Dense Fog Advisory issued February 13 at 4:17AM MST expiring February 13 at 9:00AM MST in effect for: Adams, Arapahoe, Boulder, Broomfield, Denver, Douglas, Jefferson, Larimer, Weld
A University of Colorado professor who ignited a firestorm by likening the World Trade Center victims to Nazis received a standing ovation Tuesday from a crowd of more than a thousand who packed a ballroom to hear him speak.University officials had announced plans to cancel the speech because of security concerns then backed off after Ward Churchill filed a lawsuit earlier Tuesday asking a judge to force the school to let him speak.More than two dozen campus police officers inside the ballroom used handheld metal detectors to scan attendees for weapons. It was not immediately clear if police found any.
Outside the ballroom, about 250 people who were turned away, listened to Churchill's speech on speakers set up by university officials.The crowd was loud and orderly as an Churchill, who's writings and speeches face a 30 day university review that could lead to his dismissal, spoke: "I do not work for the taxpayers of the state of Colorado. I do not work for (Gov.) Bill Owens. I work for you," he said to thunderous applause."I don't answer to Bill Owens. I do not answer to the Board of Regents in the way they think I do. The regents should do their job and let me do mine."Most of those attending the rally were in support of Churchill."I've read some of Ward's work," said 26-year-old Vinita Laroia, an environmental studies major. "I think what he has to say is true and interesting. I wanted to hear his actual voice say what he's thinking."The ethnic studies professor and American Indian Movement activist called some Sept. 11 victims "little Eichmanns," a reference to Adolf Eichmann, who organized the Nazi campaign to exterminate European Jews.Churchill said he was referring to "technocrats" who participate in what he calls repressive American policies around the world. He said those include Iraqi trade sanctions after the first Gulf War that have been blamed for the deaths of 500,000 children.The university allowed Churchill to speak, after earlier canceling the speech over security concerns.The announcement from CU came as a federal judge was prepared to rule on a motion for a court order to allow Churchill to speak at the university. Churchill, the students who organized the speech, and others were in federal court in Denver earlier, asking for the temporary restraining order and injunction to allow the speech to continue as originally scheduled.CU Vice Chancellor Ron Stump issued a statement Tuesday afternoon that said earlier fears of death threats were unfounded:"We met again with students who retracted their earlier reports of death threats and urged us to allow the event to go forward. In this meeting, the organizers provided additional information about the structure of the event. Therefore, based on this information, we have decided to allow the event to proceed as originally contemplated."Before he spoke Tuesday evening, Churchill was asked why he felt his message should be heard."That's the function of a professor. Thats the function of the institution. That seems to have gotten lost in the shuffle of whether people like what I said or not. I'm supposed to say what they don't like to hear in order to force them to confront it," Churchill said in an exclusive interview with 7NEWS. Churchill attorney David Lane said CU was obligated to provide security for Churchill -- and that the real reason officials canceled the lecture was because they're embarrassed by him, and don't want to deal with the controversy. Churchill's essay caught little attention until he was invited to speak at Hamilton College in upstate New York. Hamilton later canceled the appearance because of security concerns, as did Eastern Washington University in Washington state, and Wheaton College in Massachusetts. Churchill has resigned as chairman of the ethnic studies department at CU, but his "welcome letter" written as head of the department to students is still posted on the school's Web site.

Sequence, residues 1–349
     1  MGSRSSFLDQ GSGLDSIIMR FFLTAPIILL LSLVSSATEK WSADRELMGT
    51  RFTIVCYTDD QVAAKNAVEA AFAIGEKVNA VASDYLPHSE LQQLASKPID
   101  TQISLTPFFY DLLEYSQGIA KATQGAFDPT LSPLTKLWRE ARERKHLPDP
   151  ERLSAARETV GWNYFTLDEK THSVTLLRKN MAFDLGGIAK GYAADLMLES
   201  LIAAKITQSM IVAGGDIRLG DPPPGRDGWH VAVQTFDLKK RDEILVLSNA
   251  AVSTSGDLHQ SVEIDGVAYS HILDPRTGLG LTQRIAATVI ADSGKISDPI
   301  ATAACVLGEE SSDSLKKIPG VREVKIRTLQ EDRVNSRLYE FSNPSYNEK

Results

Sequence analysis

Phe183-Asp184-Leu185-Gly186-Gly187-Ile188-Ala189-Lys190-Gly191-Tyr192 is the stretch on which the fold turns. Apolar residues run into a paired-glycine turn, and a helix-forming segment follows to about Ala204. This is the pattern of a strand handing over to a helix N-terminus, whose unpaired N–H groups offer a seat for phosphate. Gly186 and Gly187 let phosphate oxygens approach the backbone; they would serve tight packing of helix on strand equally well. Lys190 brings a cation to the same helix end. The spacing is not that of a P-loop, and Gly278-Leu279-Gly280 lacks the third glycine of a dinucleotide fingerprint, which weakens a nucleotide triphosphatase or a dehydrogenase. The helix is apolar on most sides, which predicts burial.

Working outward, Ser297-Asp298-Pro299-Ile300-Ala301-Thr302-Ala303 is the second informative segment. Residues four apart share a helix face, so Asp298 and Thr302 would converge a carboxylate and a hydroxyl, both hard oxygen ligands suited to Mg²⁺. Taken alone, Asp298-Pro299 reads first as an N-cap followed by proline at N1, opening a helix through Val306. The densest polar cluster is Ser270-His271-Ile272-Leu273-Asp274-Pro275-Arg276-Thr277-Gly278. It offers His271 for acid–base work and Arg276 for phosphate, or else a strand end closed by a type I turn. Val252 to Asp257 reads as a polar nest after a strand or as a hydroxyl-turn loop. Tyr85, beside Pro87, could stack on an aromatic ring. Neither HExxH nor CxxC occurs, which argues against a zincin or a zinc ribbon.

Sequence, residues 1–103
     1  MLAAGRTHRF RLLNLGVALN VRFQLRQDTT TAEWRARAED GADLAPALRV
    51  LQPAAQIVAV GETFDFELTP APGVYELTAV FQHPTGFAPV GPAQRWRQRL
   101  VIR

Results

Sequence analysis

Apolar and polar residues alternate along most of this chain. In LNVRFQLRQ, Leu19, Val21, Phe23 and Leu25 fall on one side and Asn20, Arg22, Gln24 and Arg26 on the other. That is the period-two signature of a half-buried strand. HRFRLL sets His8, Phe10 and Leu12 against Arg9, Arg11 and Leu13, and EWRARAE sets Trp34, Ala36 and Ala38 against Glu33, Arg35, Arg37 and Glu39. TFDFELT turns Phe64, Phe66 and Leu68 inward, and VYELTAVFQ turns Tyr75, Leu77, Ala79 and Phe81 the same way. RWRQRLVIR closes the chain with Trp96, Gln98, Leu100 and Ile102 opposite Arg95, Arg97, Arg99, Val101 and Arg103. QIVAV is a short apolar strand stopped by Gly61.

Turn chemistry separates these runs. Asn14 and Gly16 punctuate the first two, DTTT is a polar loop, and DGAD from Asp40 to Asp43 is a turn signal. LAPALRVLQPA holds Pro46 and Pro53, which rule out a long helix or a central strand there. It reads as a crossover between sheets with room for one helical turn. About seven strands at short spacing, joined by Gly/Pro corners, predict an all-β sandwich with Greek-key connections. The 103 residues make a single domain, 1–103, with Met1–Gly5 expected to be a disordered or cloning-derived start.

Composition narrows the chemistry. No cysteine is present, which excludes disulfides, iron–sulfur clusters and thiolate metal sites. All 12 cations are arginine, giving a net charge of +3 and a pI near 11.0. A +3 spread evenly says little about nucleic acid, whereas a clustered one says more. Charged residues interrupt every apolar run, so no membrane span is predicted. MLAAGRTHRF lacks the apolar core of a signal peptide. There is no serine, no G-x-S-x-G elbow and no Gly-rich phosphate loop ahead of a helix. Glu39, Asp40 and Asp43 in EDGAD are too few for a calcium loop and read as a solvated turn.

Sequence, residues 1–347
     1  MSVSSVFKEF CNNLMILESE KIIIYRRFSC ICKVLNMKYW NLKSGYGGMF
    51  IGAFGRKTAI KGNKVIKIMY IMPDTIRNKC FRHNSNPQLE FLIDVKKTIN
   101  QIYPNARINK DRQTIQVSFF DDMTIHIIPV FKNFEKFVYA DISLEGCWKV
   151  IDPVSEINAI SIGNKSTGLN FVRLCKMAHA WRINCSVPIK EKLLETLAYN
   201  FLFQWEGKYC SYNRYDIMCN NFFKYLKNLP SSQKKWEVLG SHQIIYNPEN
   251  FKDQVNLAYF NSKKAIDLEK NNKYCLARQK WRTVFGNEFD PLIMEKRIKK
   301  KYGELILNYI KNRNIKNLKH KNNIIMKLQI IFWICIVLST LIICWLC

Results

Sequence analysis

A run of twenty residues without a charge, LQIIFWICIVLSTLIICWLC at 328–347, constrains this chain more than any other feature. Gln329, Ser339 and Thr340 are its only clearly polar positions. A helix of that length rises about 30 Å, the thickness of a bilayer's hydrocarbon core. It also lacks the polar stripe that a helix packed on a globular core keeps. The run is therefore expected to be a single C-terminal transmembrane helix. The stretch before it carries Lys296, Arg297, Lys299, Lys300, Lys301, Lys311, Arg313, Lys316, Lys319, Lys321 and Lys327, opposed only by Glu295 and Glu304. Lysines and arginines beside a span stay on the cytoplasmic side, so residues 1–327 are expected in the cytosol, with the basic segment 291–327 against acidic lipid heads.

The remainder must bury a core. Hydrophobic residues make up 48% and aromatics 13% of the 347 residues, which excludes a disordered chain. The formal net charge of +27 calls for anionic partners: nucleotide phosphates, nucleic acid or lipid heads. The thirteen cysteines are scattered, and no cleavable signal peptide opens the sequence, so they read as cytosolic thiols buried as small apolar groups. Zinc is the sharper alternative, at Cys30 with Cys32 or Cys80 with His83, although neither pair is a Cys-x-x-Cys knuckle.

CU Professor Ward Churchill came under fire for an essay he wrote about the the World Trade Center attacks.
- To read Churchill's complete essay, "Some People Push Back," click hereTo read what Churchill has to say in his defense, click here. To read Gov. Owens' letter, calling for Churchill to resign click here.To read CU's rules for dismissal for a tenured professor, click here.
- February 7, 2005: Controversial CU Professor's Boulder Speech Canceled
- February 5, 2005: CU Professor Refuses To Apologize For 9/11 Essay
- February 3, 2005: Protesters Arrested As CU Regents Meet About Professor
- February 1, 2005: CU Prof's Appearance In New York Canceled
- February 1, 2005: Gov. Owens Letter Calls For Churchill To Step Down
- February 1, 2005: Controversial CU Prof Resigns As Department Chair
- January 28, 2005: School Won't Cancel CU Prof's Controversial Appearance
- January 28, 2005: CU Distances Itself From Prof.'s Controversial 9/11 Remarks
- January 27, 2005: CU Professor Who Suggested 9/11 Attacks Were Justified Stirs Protest